How are Binky's parents oblivious to his bullying and other bad actions? He's gotten in trouble so often surely they must have been called at least once.
Truth in Television - maybe his parents are simply apathetic. Or they always take his side and think he was provoked, the subject of Disproportionate Retribution, etc. Or maybe they try to call his home and leave a message saying what he did, but he gets home first and deletes the messages, allowing him to get away with everything. (Truth in Television - my sister's a teacher and she's seen all of these...even down to parents who refuse to give their cell phone numbers so the messages are on the home answering machine.)
Why does all-dressed pizza never cross their minds in "Desert Island Dish"?
Well, pizza isn't really all that healthy for you. Maybe a salad with some sort of dressing and protein (like steak or chicken) on top would've been better.
Whole-wheat crust, low-fat cheese, vegetables, possibly pineapple for fruit, lean meats. Sucks for you if you don't eat meat/are lactose intolerant, though.
I myself was thinking of a stew with milk (dairy), meat (protein), tomatoes (fruit) and carrots (vegetables) with bread chunks inside (grains).
This thing really bugs me. Even Alan/The Brain couldn't think of that! And he said it was impossible!
For more added inanity, both my grandmother (she's 86! Silly Brain.) and me said "salad", and on a subsequent viewing, I said "burger" (with a tomato being the fruit).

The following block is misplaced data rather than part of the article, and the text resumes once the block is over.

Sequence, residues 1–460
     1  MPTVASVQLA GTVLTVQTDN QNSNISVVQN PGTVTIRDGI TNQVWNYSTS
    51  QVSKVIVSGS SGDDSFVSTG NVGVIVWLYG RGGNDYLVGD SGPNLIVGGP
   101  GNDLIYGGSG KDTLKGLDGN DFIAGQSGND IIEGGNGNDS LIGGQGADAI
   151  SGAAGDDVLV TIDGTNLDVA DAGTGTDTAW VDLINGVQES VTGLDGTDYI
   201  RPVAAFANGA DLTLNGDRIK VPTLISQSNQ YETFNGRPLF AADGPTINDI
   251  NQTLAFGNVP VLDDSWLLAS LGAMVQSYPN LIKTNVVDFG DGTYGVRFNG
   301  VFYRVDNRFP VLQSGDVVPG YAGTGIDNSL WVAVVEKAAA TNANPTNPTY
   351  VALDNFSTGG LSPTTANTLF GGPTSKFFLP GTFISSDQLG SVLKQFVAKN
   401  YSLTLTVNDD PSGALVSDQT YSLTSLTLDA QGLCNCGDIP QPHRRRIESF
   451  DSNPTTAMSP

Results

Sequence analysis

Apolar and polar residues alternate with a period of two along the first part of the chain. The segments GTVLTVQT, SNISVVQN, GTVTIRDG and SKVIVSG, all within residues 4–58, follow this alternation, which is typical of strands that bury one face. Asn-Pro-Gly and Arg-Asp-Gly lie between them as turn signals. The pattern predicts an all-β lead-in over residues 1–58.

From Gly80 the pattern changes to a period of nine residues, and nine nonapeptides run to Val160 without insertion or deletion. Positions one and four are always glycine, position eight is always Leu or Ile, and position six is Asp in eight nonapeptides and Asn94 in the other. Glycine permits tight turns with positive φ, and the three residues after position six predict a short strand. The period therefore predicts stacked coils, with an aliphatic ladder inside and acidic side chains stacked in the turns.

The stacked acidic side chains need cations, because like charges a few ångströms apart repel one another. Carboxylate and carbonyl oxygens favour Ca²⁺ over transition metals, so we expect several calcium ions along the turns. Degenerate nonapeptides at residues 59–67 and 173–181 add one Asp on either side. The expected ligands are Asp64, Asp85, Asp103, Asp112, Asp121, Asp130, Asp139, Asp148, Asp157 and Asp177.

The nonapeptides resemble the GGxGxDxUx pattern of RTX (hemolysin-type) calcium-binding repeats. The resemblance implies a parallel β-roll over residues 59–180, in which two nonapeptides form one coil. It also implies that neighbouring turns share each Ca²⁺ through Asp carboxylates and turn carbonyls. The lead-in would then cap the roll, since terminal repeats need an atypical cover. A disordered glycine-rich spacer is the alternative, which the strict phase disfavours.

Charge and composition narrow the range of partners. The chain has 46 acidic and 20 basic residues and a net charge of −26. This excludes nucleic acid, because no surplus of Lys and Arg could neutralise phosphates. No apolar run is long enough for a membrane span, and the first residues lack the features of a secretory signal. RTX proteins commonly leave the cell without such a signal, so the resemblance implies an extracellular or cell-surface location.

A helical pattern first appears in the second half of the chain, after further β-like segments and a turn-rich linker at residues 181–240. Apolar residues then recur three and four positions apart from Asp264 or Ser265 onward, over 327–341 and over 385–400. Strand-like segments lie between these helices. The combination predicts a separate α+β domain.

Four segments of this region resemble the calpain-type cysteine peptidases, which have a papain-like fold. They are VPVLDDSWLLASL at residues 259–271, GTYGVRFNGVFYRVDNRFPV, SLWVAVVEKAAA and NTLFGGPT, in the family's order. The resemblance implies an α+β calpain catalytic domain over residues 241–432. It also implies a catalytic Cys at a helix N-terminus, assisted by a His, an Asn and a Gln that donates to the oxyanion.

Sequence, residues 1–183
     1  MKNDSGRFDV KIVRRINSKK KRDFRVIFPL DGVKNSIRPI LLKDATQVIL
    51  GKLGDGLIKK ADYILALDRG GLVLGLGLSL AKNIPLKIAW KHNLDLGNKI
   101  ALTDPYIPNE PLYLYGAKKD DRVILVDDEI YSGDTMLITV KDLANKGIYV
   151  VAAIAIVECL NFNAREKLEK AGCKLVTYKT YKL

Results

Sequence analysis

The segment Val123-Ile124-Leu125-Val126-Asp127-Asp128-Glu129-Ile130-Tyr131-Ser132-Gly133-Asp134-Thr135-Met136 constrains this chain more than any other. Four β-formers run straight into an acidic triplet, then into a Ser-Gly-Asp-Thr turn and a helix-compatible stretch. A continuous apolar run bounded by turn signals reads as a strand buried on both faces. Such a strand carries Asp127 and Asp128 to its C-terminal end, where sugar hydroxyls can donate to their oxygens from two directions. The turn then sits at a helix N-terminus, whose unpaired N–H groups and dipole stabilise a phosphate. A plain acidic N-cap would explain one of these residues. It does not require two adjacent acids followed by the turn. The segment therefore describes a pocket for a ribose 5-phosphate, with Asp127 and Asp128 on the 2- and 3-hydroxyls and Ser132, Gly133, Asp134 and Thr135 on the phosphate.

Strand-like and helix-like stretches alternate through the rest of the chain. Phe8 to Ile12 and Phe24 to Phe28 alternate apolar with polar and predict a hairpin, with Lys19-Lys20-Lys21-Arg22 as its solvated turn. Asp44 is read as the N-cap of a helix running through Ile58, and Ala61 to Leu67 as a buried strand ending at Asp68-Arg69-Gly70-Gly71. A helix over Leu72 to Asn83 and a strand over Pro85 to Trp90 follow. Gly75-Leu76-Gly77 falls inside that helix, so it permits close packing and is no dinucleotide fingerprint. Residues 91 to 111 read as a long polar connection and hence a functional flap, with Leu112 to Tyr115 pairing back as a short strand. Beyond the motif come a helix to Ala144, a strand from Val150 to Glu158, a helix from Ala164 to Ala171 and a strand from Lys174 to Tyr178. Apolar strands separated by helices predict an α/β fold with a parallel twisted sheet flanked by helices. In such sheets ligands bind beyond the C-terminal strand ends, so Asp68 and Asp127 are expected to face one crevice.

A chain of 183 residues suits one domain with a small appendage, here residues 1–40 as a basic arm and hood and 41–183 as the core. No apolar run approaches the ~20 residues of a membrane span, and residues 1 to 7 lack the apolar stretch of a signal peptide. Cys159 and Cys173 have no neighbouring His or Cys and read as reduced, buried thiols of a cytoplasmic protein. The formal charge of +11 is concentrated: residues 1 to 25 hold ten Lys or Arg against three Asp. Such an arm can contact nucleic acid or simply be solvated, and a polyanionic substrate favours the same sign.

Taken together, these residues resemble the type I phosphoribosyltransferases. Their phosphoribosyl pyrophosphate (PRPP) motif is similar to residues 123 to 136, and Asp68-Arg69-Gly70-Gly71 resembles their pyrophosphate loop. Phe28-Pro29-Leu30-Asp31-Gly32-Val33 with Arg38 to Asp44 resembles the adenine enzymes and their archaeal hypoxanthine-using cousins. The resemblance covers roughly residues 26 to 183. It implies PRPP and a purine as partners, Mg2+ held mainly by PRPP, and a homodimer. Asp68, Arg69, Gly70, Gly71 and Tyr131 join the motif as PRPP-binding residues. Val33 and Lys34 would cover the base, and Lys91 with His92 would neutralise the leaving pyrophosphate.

In MacFrensky, Francine and Muffy frame Brain and then almost frame Arthur and Buster because Francine can get to be Student of the Month that way and she can invite Muffy along to lunch with some famous person, which is the prize. After Muffy's callousness throughout the episode why does Brain forgive her so fast and even invite her to go with him, once the prize is restored to him? At least Francine told Mr. Ratburn the truth.
How are Arthur's glasses not falling of his head?
Clearly Arthur is psychic, but his powers limited him to hovering eyewear within a few millimeters in front of his eyes.
There's an episode where Arthur gets overweight from eating too many snacks and not exercising enough. He, like most of the other kids in his class, regularly play on a soccer team, and a baseball team, as well as ride their bikes around town, have PE lessons at school, and more, so how and when did he get overweight? Did he stop doing all his sports teams? It's never mentioned and the sports/exercise he is shown to get regularly is completely forgotten about.
A lot of kids have really good metabolisms, and can eat anything and stay thin, but people often grow out of it as they get older. Maybe he's just getting older and beginning to go through puberty? I know I started puberty when I was eight, but I'm female, and they often start growing earlier... Let's just chalk this one up to studio mandate for a healthy eating plot.
Why haven't they tackled racism yet? It is a bit dark, yes, but racism is still a huge problem, and they've covered other potentially depressing topics (death, cancer, 9/11, etc.). There was a Bernstein Bears book about racism, and other shows (That's So Raven, The Proud Family, etc.) have covered it. They could do something with actual race (The Brain is black, after all) or the lack of non-mammal characters or even a specific type of mammal characters being discriminated against.
As everyone is a different "race" or species, this would not exactly play out the same as with humans. The closest idea seems to be a rejective attitude to new people or ideas.
Why is Arthur the only person in his class wearing glasses?